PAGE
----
JifanGao on the Solar Future at the World Energy Congress
The 22nd World Energy Congress is held in Daegu, South Korea from October 13 to 17, 2013. The world’s largest energy event worldwide, the congress devote itself to discussing critical issues under the theme “Securing Tomorrow’s Energy Today.” Trina Solar was invited to join the Chinese delegation to the congress, and CEO JifanGao gave remarks in the plenary session on the 14th, another speakerwas the Minister of Energy for UAE. On 15thGao joined the World Energy CEO Roundtable as a discussion leader facilitating a dialogue on global energy structure transformation together with around 50 CEOs from major energy companies, utility, research organizations, and NGOs, including the CEO of EON, Siemens Energy, etc. JifanGao also had fruitful discussions with stakeholders from the public and private sector and visited the energy exhibition during his stay in South Korea.
The World Energy Congress is held every three years. The 22nd session is hosted by the World Energy Council and the WEC Korean Member Committee and organized by the WEC Daegu 2013 Organizing Committee. This is the second time in its 90 years history that the event is held in Asia. More than 5000 participants from about 100 countries participated. Under the theme of “Securing Tomorrow’s Energy Today,” this premier global energy forum aims to provide delegates with a high-level exclusive and informative programme featuring addresses by government ministers, chief executives, and experts from around the world.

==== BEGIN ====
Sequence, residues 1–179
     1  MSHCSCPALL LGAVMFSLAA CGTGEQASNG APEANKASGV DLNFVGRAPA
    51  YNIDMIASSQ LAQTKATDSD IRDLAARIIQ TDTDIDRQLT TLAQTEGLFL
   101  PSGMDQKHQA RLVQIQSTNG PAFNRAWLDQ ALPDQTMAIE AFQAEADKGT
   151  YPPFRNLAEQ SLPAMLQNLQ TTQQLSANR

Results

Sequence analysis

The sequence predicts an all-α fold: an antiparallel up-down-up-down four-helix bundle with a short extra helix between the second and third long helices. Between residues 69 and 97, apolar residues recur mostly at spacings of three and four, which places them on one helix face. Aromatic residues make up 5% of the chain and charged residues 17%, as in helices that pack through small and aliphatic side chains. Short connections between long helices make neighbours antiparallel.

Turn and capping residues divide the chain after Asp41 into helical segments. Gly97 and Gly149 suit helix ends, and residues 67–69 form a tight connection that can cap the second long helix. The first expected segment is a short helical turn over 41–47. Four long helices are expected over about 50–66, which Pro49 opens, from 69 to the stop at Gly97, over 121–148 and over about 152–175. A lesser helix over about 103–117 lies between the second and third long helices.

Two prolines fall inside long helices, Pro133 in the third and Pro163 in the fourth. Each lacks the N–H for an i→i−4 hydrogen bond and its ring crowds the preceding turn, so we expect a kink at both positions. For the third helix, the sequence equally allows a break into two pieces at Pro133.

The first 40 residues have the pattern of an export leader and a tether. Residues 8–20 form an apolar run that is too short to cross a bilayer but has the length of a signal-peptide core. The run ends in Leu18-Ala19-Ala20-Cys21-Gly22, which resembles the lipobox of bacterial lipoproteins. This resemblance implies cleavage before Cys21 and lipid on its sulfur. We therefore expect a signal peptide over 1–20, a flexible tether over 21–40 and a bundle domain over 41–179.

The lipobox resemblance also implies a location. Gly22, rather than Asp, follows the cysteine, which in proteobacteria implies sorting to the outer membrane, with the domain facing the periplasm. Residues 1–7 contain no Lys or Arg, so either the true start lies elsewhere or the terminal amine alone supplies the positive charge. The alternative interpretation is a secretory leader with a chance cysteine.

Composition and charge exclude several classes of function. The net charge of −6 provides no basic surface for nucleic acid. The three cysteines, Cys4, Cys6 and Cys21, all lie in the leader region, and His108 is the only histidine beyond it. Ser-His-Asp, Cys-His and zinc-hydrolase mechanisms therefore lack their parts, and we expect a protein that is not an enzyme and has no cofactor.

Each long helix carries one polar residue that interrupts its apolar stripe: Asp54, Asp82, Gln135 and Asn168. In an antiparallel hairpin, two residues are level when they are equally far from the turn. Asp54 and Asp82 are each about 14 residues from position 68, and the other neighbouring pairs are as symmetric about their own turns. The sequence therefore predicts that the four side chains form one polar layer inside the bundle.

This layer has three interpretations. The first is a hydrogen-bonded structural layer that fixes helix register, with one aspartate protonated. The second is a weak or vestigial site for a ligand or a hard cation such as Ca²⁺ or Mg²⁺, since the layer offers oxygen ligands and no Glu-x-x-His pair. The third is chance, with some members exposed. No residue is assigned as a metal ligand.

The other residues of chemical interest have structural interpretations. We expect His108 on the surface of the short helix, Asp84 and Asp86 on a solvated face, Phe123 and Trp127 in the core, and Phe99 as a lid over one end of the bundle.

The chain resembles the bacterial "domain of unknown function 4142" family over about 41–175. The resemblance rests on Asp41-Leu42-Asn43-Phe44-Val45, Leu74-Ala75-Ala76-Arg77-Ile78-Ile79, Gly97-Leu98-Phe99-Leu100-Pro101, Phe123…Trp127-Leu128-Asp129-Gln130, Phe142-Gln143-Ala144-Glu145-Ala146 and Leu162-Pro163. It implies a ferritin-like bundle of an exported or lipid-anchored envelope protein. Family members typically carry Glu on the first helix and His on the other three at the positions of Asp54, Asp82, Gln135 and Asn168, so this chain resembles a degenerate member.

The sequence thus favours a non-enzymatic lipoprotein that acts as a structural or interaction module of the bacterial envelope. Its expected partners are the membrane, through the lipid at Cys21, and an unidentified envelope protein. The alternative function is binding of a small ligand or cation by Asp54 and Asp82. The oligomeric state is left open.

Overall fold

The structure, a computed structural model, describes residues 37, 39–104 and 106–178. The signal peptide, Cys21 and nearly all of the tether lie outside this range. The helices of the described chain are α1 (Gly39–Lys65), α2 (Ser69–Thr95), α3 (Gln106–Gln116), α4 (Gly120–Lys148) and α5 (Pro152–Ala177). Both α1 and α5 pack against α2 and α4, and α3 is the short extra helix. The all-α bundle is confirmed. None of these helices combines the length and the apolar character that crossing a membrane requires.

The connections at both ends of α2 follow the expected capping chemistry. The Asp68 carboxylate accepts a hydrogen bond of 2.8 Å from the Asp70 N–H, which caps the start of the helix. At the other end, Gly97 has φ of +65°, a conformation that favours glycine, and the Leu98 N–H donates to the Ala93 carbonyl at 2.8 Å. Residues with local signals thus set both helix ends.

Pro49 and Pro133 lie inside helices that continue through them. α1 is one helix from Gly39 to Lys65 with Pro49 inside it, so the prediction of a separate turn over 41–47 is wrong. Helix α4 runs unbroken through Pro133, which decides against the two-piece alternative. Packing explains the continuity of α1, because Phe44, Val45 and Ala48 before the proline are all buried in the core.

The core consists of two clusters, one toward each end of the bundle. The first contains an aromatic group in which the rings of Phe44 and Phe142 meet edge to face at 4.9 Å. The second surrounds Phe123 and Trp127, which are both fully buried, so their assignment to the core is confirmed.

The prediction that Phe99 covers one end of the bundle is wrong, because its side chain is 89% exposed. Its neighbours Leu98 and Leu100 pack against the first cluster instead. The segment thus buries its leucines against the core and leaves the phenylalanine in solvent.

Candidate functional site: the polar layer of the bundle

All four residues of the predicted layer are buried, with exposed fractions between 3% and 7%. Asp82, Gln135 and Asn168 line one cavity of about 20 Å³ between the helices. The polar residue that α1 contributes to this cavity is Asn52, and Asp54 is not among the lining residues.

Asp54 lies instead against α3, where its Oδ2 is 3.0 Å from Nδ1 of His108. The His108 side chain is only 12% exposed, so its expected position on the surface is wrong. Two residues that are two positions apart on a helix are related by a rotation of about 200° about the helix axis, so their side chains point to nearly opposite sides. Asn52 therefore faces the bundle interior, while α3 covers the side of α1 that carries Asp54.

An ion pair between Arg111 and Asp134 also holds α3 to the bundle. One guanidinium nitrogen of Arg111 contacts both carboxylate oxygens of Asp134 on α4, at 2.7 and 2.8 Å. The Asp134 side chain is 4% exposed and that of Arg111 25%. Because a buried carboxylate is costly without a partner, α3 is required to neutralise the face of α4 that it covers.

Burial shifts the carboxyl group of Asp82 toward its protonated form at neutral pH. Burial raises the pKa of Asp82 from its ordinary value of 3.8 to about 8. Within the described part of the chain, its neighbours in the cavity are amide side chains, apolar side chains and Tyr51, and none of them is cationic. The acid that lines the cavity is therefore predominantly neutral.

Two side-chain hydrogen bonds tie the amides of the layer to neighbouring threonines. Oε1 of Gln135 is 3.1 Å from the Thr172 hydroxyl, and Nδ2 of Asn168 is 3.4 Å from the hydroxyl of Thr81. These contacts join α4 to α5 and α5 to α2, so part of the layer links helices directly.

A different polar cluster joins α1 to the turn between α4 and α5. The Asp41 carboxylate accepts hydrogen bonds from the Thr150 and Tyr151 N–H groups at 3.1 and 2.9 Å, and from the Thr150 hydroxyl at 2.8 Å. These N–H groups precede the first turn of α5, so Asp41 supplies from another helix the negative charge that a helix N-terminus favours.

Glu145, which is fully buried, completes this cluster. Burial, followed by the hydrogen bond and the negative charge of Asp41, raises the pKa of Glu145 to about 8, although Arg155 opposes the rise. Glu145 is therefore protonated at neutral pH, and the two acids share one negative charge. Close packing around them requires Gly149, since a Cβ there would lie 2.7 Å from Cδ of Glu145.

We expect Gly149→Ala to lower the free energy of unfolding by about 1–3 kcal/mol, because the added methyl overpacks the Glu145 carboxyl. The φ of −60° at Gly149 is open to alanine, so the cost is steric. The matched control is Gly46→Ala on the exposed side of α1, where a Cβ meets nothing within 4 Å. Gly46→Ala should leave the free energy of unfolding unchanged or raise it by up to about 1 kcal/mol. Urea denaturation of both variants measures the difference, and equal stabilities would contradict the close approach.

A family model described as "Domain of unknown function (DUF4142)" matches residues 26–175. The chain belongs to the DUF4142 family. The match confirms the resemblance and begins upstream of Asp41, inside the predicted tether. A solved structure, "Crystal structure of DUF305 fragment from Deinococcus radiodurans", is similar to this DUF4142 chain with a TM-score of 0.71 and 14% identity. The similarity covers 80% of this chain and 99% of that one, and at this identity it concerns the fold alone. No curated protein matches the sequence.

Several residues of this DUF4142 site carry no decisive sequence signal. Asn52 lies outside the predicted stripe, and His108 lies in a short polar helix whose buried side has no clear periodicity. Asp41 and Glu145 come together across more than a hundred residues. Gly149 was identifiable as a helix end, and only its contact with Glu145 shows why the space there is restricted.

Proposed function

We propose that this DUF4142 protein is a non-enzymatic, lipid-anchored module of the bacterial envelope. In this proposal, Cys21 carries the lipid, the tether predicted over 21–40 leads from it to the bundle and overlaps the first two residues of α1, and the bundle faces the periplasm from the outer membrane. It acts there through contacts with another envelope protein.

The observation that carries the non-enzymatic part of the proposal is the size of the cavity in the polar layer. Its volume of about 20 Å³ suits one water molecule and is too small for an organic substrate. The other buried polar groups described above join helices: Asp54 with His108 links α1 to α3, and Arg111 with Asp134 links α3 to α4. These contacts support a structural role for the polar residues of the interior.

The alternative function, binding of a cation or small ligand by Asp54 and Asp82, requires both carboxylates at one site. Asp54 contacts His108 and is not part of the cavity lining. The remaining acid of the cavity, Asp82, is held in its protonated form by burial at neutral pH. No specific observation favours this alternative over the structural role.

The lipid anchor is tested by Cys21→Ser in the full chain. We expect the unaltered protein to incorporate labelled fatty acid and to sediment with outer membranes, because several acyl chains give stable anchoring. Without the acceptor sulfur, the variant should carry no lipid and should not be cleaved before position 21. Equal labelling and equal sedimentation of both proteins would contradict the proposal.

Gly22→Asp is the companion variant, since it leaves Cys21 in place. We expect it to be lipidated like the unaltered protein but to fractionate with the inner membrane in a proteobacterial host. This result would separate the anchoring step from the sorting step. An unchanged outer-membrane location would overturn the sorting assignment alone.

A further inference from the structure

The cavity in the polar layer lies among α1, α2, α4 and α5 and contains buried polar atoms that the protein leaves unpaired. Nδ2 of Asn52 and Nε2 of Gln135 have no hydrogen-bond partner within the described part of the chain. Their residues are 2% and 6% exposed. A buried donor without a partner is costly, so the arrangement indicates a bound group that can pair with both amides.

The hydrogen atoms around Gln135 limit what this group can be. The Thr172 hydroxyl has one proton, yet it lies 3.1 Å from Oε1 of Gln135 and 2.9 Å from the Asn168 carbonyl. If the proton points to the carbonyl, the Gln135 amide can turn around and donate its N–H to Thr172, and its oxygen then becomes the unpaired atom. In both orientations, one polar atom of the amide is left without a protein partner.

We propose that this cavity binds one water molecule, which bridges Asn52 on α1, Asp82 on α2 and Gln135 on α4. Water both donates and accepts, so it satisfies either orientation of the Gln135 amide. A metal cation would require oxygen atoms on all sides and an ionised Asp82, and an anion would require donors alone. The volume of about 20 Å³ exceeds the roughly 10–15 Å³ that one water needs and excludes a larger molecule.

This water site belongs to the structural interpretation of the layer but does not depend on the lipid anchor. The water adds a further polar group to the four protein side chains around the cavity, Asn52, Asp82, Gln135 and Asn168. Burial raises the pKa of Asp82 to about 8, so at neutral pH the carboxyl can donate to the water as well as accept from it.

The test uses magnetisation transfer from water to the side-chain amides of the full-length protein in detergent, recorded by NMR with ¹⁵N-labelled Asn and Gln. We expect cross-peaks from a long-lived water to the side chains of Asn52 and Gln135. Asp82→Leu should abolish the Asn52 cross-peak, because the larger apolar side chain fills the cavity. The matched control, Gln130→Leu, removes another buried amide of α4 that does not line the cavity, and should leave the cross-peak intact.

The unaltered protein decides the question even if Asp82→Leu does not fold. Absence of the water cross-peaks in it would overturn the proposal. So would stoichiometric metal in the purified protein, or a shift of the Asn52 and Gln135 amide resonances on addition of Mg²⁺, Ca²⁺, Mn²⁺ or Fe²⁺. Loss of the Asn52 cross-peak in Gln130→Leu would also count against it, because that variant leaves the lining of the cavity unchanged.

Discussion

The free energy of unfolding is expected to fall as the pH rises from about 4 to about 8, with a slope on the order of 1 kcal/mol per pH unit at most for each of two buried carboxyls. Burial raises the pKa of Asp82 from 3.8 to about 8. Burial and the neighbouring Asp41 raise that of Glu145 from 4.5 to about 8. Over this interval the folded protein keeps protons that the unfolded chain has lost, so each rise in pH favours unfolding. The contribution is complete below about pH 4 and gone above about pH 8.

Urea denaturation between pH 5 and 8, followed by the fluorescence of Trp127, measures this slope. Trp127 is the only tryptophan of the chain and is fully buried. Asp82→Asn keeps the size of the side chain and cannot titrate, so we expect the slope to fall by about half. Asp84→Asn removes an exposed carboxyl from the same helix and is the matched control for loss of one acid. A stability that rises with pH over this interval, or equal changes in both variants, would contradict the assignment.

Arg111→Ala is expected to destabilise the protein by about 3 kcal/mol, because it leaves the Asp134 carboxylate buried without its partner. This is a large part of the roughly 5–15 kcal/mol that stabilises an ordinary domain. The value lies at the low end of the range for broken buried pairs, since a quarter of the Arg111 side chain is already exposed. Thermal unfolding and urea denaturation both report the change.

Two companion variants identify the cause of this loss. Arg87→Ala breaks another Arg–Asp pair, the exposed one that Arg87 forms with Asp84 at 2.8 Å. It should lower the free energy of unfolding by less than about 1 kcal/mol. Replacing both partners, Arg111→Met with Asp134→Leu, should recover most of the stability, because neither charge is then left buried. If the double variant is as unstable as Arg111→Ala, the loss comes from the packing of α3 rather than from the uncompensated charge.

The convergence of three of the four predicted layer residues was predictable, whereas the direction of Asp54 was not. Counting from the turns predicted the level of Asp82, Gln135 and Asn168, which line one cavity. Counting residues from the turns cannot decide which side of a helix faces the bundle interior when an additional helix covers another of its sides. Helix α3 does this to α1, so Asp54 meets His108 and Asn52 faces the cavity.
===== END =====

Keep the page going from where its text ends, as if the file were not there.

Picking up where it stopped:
The text of Gao’s remarks delivered in the plenary session on the Solar Future follow:
Solar is the Future
Solar Energy is a very young member of the world energy family. By end of 2012 cumulative global solar installations will be around 80 GW which translates to around 2% out of global electricity installation. However new installations for 2013 will reach 35 GW, and 40GW are forecasted for 2014. At of the rate of 1% growth of global energy infrastructure by 2020, solar will account for more than 10% of global energy installations, and further grow to 30% by 2030.
Solar PV has three main advantages. Firstly is its accessibility: solar power is the basic energy source for human beings, and one hour solar energy reaching to the earth is enough for one year’s energy consumption of the whole world. Almost every country could roughly satisfy its energy demand by putting solar panels on idle land and rooftops. Secondly is sustainability: Solar energy is clean and emission-free during power generation. The energy consumed during the whole process to manufacture solar products and build solar systems could be repaid in less than 1.5 years and the system can deliver 25 years or more of reliable power generation. Silicon as its main raw material is found almost everywhere. Thirdly is that solar is distributed energy. In traditional power generation systems, power generation is usually in the form of centralized power plants transmitting electricity to end users through the grid. For distributed solar systems on commercial and residential rooftops, systems can be installed and consumed directly on the spot.